The research in queue modelling showed 50% improvement of the queue length estimation at low penetration, while full penetration eliminated the error, which benefited all other use cases. A new stabilization cost function for adaptive control resulted in 25% reduction of average prediction error, while maintaining similar traffic efficiency. A patent was granted for this solution that improved speed advice accuracy.

The impact assessment simulations of the integrated green wave system with speed and lane advice showed that stopping at main corridors was eliminated:

• The total network capacity was increased by 34%,
• average queue length decreased by 74% and
• CO2 emissions reduced by 11%.

The negotiation-driven adaptive traffic control solution showed:

• a large reduction of 52% delay time
• the average queue length reduced by 46% and
• CO2 emissions were cut by 12%.

Lane advice excelled in reducing queue length and delay, but performed suboptimal in terms of stops and CO2 emissions. Deeper analysis pointed out that this could be resolved by recalibrating the traffic controller. Lastly, the system based on actuated traffic control also showed good performance, but with 5% CO2 reduction this was slightly less than the others.

Six integration sprints resulted in successful field trials and real-world demonstrations. These included platooning with interoperability between DLR and Hyundai vehicles as well as interoperability of these vehicles with the DLR and Dynniq infrastructure deployed in Braunschweig and Helmond, respectively. Here, vehicles could follow instructions to adapt their speed and lane fully autonomously. Safety use cases demonstrated that collaborative perception can prevent accidents in case of obstructed sensor view. The traffic efficiency use cases could also be experienced by the public at the final event. This is also shown in the figure of this summary.

These results show a clear benefit of the MAVEN systems and also led to clear exploitable results. The consortium used the BASE/x methodology to elaborate its exploitation strategy and developed models for the many results: new and extended message sets, urban platooning, I2V assisted automated driving at intersections, traffic management integration. These results will find their way into future products like cars, traffic control and traffic management systems. At the same time the knowledge will be incorporated in teaching at universities, while the transition roadmap will be an important guideline for policy makers for years to come.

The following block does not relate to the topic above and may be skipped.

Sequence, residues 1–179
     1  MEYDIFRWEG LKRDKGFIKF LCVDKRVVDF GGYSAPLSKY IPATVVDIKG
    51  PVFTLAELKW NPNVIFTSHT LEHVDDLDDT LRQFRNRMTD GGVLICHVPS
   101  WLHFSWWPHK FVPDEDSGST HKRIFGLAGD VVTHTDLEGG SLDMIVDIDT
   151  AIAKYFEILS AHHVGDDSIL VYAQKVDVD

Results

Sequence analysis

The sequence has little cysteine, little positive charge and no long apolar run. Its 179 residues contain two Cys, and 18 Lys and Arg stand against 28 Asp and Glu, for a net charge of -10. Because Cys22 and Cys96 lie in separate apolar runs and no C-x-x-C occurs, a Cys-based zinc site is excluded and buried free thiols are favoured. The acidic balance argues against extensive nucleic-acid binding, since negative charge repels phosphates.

The new use cases and the technical systems go beyond the state of the art with MAVEN systems such as multi-level vehicle control, enhanced queue modelling, the patented traffic control algorithm extension and the various new message sets. The MAVEN use cases and message sets are being considered by industrial organizations like ETSI ITS and the Car2Car Communication Consortium. These will result in further positive impacts of the introduction of C-ITS and automated driving technologies to traffic networks and mobility in general for society.

The results of the innovations in MAVEN show a significant reduction of CO2 emissions. Such reduction will improve air quality and contribute to the efforts of decelerating climate change. The European Commission set ambitions goals for 2030 to cut greenhouse gas emissions by 40% in comparison to 1990 levels. These reductions should be achieved by improving energy efficiency with 32% and increasing renewable energy sources by the same percentage. When it comes to urban mobility, the MAVEN solutions target the energy efficiency goal and contribute with 12% improvement. Economically speaking this will also reduce the demand for fossil fuels and open the possibility to reallocate these expenses to other parts of the economy.